in-flight evaluation of aerodynamic predictions of an air-launched space boosterSeveral analytical aerodynamic design tools that were applied to the Pegasus air-launched space booster were evaluated using flight measurements. The study was limited to existing codes and was conducted with limited computational resources. The flight instrumentation was constrained to have minimal impact on the primary Pegasus missions. Where appropriate, the flight measurements were compared with computational data. Aerodynamic performance and trim data from the first two flights were correlated with predictions. Local measurements in the wing and wing-body interference region were correlated with analytical data. This complex flow region includes the effect of aerothermal heating magnification caused by the presence of a corner vortex and interaction of the wing leading edge shock and fuselage boundary layer. The operation of the first two missions indicates that the aerodynamic design approach for Pegasus was adequate, and data show that acceptable margins were available. Additionally, the correlations provide insight into the capabilities of these analytical tools for more complex vehicles in which design margins may be more stringent.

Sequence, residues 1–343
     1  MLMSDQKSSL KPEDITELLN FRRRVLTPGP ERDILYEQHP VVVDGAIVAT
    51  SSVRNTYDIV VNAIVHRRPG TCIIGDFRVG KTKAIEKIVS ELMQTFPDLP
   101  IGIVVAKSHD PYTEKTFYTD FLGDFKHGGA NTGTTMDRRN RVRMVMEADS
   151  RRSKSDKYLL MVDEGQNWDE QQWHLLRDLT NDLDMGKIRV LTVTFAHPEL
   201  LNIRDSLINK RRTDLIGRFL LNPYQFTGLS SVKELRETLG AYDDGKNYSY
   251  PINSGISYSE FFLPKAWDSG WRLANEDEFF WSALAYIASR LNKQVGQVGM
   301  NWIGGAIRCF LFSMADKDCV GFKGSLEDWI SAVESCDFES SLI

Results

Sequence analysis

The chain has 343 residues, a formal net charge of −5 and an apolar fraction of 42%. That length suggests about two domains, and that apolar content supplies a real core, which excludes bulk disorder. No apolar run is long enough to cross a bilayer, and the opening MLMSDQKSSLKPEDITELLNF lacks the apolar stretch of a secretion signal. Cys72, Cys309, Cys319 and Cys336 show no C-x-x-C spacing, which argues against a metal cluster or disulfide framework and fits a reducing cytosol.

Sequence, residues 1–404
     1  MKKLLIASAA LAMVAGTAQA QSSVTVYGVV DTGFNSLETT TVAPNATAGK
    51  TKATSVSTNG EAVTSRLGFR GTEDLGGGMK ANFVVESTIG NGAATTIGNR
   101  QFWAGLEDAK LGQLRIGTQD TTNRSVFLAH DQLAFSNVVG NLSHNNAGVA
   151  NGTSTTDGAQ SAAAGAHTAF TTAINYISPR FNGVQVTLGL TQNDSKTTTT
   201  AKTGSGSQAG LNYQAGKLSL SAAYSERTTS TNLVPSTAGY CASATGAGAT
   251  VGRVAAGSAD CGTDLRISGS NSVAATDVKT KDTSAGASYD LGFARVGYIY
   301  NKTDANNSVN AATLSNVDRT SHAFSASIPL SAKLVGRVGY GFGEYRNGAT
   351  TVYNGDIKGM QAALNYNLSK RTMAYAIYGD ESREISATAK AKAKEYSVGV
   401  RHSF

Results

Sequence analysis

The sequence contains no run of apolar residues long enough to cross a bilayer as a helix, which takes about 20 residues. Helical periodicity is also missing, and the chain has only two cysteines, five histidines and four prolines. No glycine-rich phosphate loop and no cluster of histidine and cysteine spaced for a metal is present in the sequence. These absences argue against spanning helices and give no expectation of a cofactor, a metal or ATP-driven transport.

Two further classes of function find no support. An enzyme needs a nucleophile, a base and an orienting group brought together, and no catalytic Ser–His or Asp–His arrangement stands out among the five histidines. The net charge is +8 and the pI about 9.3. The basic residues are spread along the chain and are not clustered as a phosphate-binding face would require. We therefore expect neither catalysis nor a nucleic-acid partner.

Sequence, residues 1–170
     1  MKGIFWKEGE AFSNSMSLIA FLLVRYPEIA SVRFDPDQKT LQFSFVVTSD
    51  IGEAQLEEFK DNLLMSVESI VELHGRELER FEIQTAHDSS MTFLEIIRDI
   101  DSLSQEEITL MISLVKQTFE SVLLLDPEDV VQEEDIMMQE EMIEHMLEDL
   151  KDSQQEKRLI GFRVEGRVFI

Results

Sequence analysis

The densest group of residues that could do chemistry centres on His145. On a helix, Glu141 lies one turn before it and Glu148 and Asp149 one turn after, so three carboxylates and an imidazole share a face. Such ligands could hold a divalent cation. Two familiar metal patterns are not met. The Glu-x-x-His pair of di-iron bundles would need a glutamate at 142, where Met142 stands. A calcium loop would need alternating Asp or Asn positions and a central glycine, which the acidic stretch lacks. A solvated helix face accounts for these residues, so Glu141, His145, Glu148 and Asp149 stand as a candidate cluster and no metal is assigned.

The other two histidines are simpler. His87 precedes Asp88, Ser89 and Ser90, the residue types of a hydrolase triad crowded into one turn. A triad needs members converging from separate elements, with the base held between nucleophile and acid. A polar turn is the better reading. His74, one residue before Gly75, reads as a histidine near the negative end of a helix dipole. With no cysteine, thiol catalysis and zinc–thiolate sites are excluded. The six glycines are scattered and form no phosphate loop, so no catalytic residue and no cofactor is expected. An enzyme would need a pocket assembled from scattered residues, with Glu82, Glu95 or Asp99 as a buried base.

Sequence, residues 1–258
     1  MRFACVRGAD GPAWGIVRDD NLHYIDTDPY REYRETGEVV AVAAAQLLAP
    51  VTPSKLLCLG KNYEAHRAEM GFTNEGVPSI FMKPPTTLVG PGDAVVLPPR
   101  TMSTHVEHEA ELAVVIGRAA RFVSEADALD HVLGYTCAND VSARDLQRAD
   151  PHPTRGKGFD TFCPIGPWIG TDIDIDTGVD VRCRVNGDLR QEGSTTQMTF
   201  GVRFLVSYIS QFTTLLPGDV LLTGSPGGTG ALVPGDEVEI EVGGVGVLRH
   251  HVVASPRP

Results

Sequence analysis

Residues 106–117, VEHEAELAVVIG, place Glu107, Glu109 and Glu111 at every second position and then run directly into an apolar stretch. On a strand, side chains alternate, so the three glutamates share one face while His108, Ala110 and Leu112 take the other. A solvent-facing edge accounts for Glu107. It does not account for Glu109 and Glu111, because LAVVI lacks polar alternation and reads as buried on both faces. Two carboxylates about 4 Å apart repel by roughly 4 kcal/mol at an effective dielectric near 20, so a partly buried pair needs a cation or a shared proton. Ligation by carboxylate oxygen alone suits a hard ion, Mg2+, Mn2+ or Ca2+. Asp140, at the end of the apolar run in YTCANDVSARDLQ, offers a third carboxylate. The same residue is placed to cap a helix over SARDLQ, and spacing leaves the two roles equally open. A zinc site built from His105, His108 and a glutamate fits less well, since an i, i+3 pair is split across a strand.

Curry, Robert E. (NASA Hugh L. Dryden Flight Research Facility Edwards, CA, United States)
Mendenhall, Michael R. (Nielsen Engineering and Research, Inc. Mountain View, CA., United States)
Moulton, Bryan (PRC Kentron, Inc. Edwards, CA., United States)
August 16, 2013
April 1, 1993
Publication: AGARD, Theoretical and Experimental Methods in Hypersonic Flows
IDRelationTitle19940004512Analytic PrimaryNASA/USRA University Advanced Design Program Fifth Annual Summer ConferenceDocument Inquiryvisibility_off